In reinvigorating the series with a new actor taking over the mantle, the producers of the Bond series wisely decided to move away from the overtly fantastical elements that were starting to mire these films. At this point it was becoming en vogue to have an origins story for every hero / character of this ilk, whilst everyone was striving for a heightened sense of realism, not just in action but in tone and feel too. In response, Casino Royale took a story from Bond's past – a more intensely focused, less grandiose story – and made it (mostly) work as a more intense character study and psychological stand-off with Mads Mikkelsen's Le Chiffre. Consider the audience reengaged after the stupidity of surfing Arctic tidal waves and invisible Aston Martin's. Quantum of Solace then muddied the waters somewhat with a forced revenge story, uninspired action and a bland, unthreatening villain. Thank god then for the combination of Sam Mendes, Roger Deakins and Javier Bardem. Skyfall turned things around again thanks to excellent structuring, the psychological nuance of Bardem's superbly creepy performance, and the mastery of one of the best cinematographers working in the business today – the film was not only the best looking in the series, but one of the best of that year. So how do you follow all that up? With Sceptre the answer unfortunately seems to be an awkward melding of Bond lore, the Bond we've come to know over the past three films, and the parts of Bond we thought we'd put behind us.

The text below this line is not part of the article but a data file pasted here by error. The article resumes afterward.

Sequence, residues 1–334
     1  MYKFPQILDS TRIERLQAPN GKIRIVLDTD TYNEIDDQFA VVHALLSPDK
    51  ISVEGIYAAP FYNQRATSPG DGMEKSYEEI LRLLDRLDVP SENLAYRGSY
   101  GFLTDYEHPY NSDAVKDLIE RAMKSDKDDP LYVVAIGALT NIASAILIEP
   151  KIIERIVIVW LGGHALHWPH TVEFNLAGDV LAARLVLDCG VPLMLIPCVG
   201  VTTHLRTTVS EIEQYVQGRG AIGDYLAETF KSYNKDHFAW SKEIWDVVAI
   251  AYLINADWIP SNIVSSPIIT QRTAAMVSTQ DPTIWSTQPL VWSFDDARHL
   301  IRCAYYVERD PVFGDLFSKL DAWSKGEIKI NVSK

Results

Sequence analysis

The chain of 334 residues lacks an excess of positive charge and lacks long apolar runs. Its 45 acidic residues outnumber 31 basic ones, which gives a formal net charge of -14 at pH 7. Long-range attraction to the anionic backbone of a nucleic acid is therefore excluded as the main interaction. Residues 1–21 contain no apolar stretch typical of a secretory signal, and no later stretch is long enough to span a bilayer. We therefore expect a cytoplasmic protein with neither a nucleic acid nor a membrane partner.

Having worked so hard to establish a very specific identity for Daniel Craig's version of Bond, it's disappointing watching Spectre regress to the "lightweight", almost superhuman Bond of old. In the days of Roger Moore or Pierce Brosnan it would not have seemed out of place to have an overblown fight in a helicopter acrobatically twisting over a square filled with thousands of revelers below. Likewise, a descent down an Austrian mountainside in a fun but knowingly stupid manner doesn't sit quite right with what we've come to expect from the present iteration of the character. That older era of Bond film that many of us grew up with was imbued with a larger-than-life, almost cartoonish charm: for better or worse an evolution of the character that reflected our shifting entertainment expectations caused by the rise of the modern blockbuster. The tangible history these most recent films have endowed upon the character have humanised him - something Skyfall seemed at pains to do - making it so much more difficult to buy into the overtly audacious set pieces presented here. We've become invested in the man and now see him as just that, not some sort of super-man.